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yama(7b Ga)

well done Lee. ^-^
How about seven grass of spring ?

    Bookmark   January 7, 2005 at 10:15AM
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Cady(6b/Sunset34 MA)

In North American gardens, anything goes if the effect is aesthetically pleasing. I haven't seen vases in any of the pictures of Japanese gardens I've seen, but some traditional Chinese gardens seem to have used urns and ceramic fish bowls as part of their decoration, especially in the spots where there is seating.

Are you going to New England Grows? If you are, let me know! I plan to attend all three days because there are a bunch of good speakers this year.

    Bookmark   January 7, 2005 at 10:22AM
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yama(7b Ga)

Hi Lee
I am ging to send you a email and like to ask you few thing about new England landcsapeing.
Please Do not delete. It is Not junk mail ^-^.... mike

    Bookmark   January 7, 2005 at 11:09AM
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Hi there Mike and Cady --- I sent private replies to you both. Sorry so late --- I've been away.

Now about the Seven Herbs of Spring. I'll just give you what Merrily Baird says verbatim:

"In a custom imported from China, the Japanese around 911 began observing the Festival of the Young Herbs (wakana no sekku). On the seventh day of the New Year of the lunar calendar, nobles presented to the emperor a gruel made from seven plants that came to be known as the Seven Herbs of Spring. This gruel was believed to help ward off illness throughout the year, and eating it gained popularity among commoners during and after the Heian period.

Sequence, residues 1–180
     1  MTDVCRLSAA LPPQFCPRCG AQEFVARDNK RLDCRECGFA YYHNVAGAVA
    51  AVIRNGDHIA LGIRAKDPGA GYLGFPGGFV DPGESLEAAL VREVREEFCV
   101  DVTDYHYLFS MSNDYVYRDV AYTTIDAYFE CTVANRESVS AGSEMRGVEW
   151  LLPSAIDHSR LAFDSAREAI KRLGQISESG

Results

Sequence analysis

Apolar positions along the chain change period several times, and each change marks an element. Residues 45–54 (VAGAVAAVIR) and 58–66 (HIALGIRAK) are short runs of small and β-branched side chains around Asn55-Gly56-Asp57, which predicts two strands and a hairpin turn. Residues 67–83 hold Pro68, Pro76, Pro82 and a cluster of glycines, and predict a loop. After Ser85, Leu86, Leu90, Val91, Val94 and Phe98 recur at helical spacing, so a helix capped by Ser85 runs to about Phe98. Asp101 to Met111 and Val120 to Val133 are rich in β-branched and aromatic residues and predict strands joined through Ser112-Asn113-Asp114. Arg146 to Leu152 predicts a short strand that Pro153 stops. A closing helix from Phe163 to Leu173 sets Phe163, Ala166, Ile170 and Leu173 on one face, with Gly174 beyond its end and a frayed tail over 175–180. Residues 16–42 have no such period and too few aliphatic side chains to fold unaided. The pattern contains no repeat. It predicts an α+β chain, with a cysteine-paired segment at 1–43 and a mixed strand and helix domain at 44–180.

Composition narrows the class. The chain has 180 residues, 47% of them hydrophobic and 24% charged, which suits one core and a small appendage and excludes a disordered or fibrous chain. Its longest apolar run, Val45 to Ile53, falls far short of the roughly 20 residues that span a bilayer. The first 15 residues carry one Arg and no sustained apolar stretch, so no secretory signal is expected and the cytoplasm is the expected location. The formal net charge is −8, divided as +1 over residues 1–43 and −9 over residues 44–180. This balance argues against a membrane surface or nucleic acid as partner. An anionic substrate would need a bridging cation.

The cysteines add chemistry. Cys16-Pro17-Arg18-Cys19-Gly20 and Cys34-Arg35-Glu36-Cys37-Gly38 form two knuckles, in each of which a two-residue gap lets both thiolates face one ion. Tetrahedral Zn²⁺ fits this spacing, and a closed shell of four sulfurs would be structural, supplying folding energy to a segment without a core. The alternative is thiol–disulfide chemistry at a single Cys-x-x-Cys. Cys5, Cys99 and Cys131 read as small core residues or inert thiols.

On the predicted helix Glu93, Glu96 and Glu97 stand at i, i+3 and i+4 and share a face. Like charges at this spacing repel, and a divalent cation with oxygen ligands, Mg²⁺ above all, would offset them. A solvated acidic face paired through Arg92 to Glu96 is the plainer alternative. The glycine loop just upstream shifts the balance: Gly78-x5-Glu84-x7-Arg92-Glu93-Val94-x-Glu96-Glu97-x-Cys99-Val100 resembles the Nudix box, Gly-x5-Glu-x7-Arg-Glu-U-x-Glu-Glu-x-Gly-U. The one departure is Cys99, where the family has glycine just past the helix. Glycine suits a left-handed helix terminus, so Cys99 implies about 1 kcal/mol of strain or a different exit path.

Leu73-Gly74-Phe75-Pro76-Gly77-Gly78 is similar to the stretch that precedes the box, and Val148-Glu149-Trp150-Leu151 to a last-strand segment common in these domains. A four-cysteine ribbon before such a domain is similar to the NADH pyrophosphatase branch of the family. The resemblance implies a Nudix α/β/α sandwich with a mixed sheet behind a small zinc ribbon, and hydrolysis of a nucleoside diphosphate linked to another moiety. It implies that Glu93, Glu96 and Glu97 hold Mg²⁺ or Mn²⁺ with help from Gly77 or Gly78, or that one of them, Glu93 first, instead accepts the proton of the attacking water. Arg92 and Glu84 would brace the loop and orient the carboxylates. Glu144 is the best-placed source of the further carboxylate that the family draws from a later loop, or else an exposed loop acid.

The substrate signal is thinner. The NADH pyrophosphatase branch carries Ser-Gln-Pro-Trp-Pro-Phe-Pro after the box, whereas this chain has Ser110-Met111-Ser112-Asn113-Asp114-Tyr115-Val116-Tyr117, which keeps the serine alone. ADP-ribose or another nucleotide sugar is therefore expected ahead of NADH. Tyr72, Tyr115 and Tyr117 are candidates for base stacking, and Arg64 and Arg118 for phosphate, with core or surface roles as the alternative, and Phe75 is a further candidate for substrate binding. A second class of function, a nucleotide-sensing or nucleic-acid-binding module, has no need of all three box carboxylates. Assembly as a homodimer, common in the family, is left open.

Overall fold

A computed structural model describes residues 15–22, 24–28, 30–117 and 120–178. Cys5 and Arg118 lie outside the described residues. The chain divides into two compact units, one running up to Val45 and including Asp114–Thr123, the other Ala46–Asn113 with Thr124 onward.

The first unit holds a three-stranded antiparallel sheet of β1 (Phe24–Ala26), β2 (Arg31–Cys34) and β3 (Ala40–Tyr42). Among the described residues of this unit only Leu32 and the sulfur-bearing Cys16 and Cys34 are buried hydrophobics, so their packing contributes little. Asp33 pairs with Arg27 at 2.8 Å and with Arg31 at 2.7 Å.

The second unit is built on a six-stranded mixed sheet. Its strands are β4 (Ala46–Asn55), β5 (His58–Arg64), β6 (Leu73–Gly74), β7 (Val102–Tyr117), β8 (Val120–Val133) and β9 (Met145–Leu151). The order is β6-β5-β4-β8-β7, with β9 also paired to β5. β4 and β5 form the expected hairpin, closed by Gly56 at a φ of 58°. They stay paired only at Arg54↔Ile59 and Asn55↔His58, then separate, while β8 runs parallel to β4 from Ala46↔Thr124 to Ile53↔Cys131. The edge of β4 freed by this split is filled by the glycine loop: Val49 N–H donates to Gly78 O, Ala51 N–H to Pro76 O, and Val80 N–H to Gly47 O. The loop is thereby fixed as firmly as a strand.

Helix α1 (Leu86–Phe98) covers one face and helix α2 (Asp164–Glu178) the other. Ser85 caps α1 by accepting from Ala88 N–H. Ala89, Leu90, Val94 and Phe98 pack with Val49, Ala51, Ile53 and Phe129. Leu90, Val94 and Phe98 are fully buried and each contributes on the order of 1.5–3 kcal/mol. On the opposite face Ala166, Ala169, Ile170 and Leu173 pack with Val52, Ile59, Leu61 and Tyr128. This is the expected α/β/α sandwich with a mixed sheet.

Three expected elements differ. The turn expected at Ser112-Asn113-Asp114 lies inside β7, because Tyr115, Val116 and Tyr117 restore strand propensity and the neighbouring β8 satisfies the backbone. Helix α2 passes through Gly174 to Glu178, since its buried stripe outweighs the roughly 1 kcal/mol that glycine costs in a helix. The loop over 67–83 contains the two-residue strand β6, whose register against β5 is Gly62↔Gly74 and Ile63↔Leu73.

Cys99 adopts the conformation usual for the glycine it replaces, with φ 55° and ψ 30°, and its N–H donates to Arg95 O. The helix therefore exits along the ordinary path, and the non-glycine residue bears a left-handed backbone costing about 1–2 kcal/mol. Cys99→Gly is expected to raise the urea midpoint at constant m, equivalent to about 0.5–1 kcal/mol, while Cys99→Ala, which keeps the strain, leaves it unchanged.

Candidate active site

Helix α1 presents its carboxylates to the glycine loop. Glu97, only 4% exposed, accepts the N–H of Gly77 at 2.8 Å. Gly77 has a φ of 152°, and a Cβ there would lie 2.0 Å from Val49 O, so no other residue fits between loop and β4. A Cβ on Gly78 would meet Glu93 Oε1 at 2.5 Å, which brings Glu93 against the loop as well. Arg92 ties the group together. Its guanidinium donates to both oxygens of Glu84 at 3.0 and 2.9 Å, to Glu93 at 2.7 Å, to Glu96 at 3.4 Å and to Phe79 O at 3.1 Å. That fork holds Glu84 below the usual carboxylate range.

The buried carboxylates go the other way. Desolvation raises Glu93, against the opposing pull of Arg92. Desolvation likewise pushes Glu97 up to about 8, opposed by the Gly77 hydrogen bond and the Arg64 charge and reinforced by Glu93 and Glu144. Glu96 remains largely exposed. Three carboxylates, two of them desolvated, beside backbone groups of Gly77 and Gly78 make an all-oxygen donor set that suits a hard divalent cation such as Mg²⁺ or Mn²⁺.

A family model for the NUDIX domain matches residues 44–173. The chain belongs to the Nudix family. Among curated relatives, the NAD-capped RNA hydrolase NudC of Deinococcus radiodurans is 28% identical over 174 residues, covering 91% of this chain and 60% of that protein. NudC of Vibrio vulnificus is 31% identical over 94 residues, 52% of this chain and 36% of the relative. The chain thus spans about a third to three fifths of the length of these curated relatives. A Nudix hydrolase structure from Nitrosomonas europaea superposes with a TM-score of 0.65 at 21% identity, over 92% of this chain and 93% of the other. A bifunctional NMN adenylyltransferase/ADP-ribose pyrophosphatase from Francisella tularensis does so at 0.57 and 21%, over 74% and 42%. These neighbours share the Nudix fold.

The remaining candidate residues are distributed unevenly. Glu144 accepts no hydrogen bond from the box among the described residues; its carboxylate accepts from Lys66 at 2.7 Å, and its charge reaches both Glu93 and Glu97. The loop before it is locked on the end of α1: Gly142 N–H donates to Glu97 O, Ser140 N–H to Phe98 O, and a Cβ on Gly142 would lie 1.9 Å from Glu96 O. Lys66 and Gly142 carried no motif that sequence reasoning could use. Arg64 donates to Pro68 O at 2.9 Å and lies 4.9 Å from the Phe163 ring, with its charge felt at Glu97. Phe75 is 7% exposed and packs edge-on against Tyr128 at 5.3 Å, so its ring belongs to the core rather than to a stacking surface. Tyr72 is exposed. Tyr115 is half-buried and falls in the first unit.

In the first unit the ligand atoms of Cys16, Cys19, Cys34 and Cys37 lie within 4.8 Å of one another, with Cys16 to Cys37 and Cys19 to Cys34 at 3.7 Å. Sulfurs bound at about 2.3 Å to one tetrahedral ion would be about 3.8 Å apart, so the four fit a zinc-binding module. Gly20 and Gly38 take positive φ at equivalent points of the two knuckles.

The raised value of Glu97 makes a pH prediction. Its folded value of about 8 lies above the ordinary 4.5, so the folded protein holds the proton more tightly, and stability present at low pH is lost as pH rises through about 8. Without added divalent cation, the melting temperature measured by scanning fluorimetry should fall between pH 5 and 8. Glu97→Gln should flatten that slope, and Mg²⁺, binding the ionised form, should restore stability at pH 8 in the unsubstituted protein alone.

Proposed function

"The plants identified with the Seven Herbs of Spring vary, although they are inevitably a mix of root vegetables and herbs. Among those most frequently cited are the white radish, turnip, shepherd's purse, chickweed, Japanese parsley, braccia chinensis, cottonweed, and laminum amylexiculi. Artistic presentations of the Seven Herbs of Spring as a group are rare in comparison to the widespread use of the Seven Grasses of Autumn."

So there you have it! Maybe I should try eating some of it to ward off this pesky cold....


    Bookmark   January 17, 2005 at 1:31PM
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I am Chinese. I love green plants in beautiful vase in public occasion and flowers in various vase made in Jingdezhen,the ceramic centre in China. I mainly deal in craft ceramics and home decorative porcelains in a ceramic import and export company.
With decorating function and aesthetic features, porcelain and pottery products are popular in people¡¯s life and public occasions. Among them, Chinese ceramics have been widely accepted by the world for their wide range of artistic expressions of life and Chinese culture, various styles and mature technology. We want to cooperate some company or some shop to sell Chinese ceramic. If you have some interest, could you kindly contact me for more information ?

Nanjing Pensure Science & Technology Co., Ltd
Tel. 0086-25-83727807

    Bookmark   June 28, 2007 at 5:44AM